Purpose of review: Chronic obstructive pulmonary disease (COPD) is a major cause of morbidity and mortality throughout the world. This major public health threat is ranked twelfth as a worldwide burden of disease and is projected to rank fifth by the year 2020 as a cause of lost quantity and quality of life. The impact of this disease in women is significantly understudied but the evidence that does exist reveals potentially substantial gender differences in the susceptibility to, severity of, and response to management of COPD.
Recent findings: The best known risk factor for the development of COPD is tobacco smoking. While smoking rates in women have largely stabilized in developed countries, the rates are continuing to climb in developing countries. While it is not clear whether women are more susceptible to the toxic effects of cigarette smoke than men, it is known that the incidence and prevalence of COPD will continue to climb as more women smoke. Other known risk factors for the development of COPD include air pollution, infections, occupational exposures, and genetic factors. Air pollution, particularly fine particulate indoor air pollution from biomass fuels disproportionately affects women. Infections such as human immunodeficiency virus (HIV) and tuberculosis (TB) disproportionately affect vulnerable populations such as poor women and occupational exposures to various dusts and toxins are often gender specific. Genetic factors are still being explored but there seems a preponderance of women who are affected by early-onset and non-smoking related COPD. Women with COPD also seem to be underdiagnosed by physicians and may have different responses to medical treatment, smoking cessation interventions, and pulmonary rehabilitation programs.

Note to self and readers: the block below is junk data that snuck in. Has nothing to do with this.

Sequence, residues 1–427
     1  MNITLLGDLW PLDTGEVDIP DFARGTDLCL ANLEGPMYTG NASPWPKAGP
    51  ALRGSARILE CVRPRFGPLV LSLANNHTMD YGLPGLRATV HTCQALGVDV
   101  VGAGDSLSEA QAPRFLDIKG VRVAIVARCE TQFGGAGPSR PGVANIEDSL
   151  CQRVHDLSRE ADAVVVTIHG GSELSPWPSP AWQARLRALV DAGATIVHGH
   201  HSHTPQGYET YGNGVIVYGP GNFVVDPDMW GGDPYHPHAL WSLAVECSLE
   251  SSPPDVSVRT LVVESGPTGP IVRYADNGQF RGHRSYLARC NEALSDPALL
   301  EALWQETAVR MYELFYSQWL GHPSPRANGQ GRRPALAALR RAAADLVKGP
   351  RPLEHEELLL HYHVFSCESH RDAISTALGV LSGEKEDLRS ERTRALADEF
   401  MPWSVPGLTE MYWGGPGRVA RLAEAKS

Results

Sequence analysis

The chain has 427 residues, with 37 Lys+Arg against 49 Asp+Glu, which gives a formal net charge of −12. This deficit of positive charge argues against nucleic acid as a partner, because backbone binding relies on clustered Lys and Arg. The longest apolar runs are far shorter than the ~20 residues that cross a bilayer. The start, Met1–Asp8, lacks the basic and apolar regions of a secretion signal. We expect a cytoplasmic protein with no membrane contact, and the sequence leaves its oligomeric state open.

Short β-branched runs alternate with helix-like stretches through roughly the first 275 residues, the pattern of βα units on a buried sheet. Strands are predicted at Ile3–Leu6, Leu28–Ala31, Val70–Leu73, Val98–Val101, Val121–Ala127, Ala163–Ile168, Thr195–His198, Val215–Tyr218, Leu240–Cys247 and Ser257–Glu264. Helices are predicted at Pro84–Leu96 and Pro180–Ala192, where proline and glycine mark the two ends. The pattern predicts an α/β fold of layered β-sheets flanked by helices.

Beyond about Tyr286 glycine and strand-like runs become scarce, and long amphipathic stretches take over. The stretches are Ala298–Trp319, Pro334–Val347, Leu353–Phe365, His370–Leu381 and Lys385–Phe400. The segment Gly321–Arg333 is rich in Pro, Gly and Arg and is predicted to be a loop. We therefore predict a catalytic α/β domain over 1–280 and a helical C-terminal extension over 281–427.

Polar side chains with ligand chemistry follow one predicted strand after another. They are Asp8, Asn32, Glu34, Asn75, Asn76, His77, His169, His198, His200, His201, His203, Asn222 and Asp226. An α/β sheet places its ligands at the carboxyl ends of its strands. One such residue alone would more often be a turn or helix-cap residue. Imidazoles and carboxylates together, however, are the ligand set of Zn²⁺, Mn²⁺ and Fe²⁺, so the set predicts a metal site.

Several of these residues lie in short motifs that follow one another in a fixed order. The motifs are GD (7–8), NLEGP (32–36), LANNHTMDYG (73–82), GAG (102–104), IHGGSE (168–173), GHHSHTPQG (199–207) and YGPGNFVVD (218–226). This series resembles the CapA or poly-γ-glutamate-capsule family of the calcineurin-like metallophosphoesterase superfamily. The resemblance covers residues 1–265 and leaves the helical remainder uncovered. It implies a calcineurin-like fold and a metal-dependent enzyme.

Summary: Chronic obstructive pulmonary disease in women is an understudied subject but is gaining attention as a significant public health threat. In developed countries, efforts at preventing the initiation of tobacco smoking and targeting smoking cessation programs in women are needed. In developing countries, efforts to promote cleaner fuels, improved stoves, better home ventilation, reduce toxic dust and fume exposures, combat infectious diseases such as TB and HIV, and improve nutrition are all ways in which the lung health of women can be improved.